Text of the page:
What is a Non-Ferrous Metal?
Non-ferrous metals are metals that do not contain iron. They are softer and therefore more malleable, which makes them easier to work with. They are useful for both industrial purposes as well as aesthetic functions.
Precious metals such as gold and silver are both non-ferrous. In fact, all pure metal forms, except for pure iron, are non-ferrous.
Non-Ferrous Metals Properties
The properties of non-ferrous metals and alloys make them highly versatile in comparison to steel or iron, and they are easier to work with than iron alloys. Furthermore, these metals are naturally more malleable and durable, and they are far easier to cut or roll into specialized shapes for various applications.
The following includes some of the most desirable properties of non-ferrous metals:
- High corrosion resistance: This characteristic means the metal can withstand deterioration in harsh environments that could otherwise cause rust or corrosion.
- Easy to fabricate: Non-ferrous metals are easy to work with and have a high level of machinability, making them ideal for processes like casting and welding.
- Great thermal conductivity: This property allows for a faster transfer of heat rate in phase change material.
- Great electrical conductivity: Conductive metals give little resistance to an electric current or heat from thermal energy.
- Low density: These metals tend to be lighter in weight and have a high strength-to-weight ratio.
- Non-magnetic: This property makes non-ferrous metals key in wiring as well as the development of small electronics.
Non-Ferrous Metals List
Examples of non-ferrous metals include:
Copper is pretty widely spread in the industrial market. Add the alloys brass (copper and zinc) and bronze (copper and tin), and you may already see the many uses of copper. Still, copper and copper alloys properties allow more applications:
- High thermal conductivity
- High electrical conductivity
- Good corrosion resistance
- High ductility
In engineering terms, a very special and important metal. May not be so useful in everyday application because of the price but its combination of low weight and great machinability make it the go-to metal in yachts, planes, and many automotive parts. Aluminum is also the base metal in many alloys. Aluminum properties include:
- Good conductor of heat and electricity (but less than copper) – in combination with ductility and malleability replaces copper in some instances
- High ductility and lightweight
- Becomes hard after cold working, so needs heat treatments
Zinc on its own doesn’t mean much to the average person. As an alloying element, on the other hand, it has a wide range of purposes. It is mainly used for galvanizing steel in all kinds of fields. Galvanizing makes the material more durable against corrosion. It also has uses that when mixed with aluminum, it creates Zinc-Aluminum alloys. They were designed to compete with bronze, cast iron, and aluminum using sand and permanent mold casting methods. Distinguishing features of ZA alloys include high as-cast strength, excellent bearing properties, as well as low energy requirements (for melting).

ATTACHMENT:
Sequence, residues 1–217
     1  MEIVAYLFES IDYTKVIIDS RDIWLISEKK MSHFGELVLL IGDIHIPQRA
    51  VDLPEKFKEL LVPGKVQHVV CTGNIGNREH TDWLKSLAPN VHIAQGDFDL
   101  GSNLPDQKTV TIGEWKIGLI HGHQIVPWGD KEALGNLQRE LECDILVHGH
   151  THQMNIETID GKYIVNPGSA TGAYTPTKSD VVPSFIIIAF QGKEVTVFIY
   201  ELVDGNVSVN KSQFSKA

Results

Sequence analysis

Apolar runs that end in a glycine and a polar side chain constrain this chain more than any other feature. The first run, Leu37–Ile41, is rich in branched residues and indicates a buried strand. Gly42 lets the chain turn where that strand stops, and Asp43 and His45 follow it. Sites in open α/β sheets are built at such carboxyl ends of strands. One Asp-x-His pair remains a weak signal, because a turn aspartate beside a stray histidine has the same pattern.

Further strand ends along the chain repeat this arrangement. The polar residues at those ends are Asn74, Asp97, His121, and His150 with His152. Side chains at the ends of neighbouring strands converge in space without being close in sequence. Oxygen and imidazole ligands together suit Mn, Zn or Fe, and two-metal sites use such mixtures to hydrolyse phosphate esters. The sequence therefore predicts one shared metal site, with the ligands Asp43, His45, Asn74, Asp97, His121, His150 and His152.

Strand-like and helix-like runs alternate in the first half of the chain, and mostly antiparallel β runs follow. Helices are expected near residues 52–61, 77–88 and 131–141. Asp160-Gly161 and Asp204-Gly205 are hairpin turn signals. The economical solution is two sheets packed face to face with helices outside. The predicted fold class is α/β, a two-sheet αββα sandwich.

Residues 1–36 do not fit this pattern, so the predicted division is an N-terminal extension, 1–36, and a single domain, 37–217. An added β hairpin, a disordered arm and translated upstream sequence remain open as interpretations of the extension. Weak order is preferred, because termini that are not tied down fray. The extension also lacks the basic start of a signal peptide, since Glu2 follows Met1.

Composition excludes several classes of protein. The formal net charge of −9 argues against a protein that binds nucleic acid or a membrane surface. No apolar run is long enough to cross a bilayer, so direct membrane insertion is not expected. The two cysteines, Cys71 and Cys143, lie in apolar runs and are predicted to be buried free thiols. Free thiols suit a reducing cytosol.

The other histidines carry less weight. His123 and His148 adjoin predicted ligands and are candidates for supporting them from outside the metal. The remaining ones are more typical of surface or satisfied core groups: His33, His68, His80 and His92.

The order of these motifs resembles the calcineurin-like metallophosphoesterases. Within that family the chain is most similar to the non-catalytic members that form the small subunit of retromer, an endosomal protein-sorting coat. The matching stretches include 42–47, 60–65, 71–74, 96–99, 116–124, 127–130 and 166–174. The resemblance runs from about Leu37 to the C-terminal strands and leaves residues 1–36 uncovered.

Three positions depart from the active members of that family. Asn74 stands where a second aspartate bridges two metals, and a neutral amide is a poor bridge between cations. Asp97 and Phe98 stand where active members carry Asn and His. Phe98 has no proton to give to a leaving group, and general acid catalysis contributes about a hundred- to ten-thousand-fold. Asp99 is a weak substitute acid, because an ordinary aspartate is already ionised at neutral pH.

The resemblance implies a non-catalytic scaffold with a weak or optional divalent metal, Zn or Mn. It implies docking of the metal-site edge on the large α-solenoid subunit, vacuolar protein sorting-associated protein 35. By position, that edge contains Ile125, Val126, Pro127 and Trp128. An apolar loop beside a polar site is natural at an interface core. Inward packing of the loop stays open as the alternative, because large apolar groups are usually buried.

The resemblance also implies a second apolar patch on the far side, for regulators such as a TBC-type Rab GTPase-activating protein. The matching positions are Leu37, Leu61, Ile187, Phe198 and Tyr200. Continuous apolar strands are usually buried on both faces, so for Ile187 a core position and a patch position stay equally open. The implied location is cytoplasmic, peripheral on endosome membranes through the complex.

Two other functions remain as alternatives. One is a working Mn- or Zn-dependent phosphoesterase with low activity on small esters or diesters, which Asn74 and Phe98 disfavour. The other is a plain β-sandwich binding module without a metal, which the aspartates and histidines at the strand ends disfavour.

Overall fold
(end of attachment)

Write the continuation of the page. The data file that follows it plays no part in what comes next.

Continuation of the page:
ZA alloys make good bearings because their final composition includes hard eutectic zinc-aluminum-copper particles embedded in a softer zinc-aluminum matrix. The hard particles provide a low-friction bearing surface, while the softer material wears back to provide space for lubricant to flow, similar to Babbitt metal.
Titanium is the ninth most abundant metal on the planet. It is a hard, strong and shiny metal with a silvery gray color. It is equally as strong as steel but much less dense, making it an optimal alloying agent for many metals. It is often combined with aluminum, molybdenum and iron.
Titanium is an extremely valuable metal and is prized for its lightweight, high-strength and low-corrosion qualities. Its lightweight strength and ability to endure extreme temperatures make it useful for building materials in spacecraft technology, missiles, laptops, bicycles and more.
Additionally, titanium is inherently resistant to corrosion, which makes it a popular material for submarines and the hulls of ships.
Tin is a soft, malleable metal with a shiny, silvery-white surface. It is ductile, non-toxic and readily adaptable to any kind of cold working, such as extrusion, rolling or spinning.
Tin is most often used to coat other metals to prevent corrosion. For example, tin cans are actually traditionally made from steel and coated with tin.
Additionally, tin can be combined with other metals to form many important alloys. For example, pewter and bronze are two of tin’s alloys that have many desirable properties and are popular in numerous applications.
Non-Ferrous Alloys We Offer
All of our materials, including our tools, come with the guarantee that your part was made 100% in the United States.
We have over 60 years of experience in the industry and know the ins and outs of metal castings. Whatever your project needs, our experienced staff members will work with you to find the best alloy to complete your casting application. We even perform non-destructive testing of your casting in order to ensure complete customer satisfaction and product quality.
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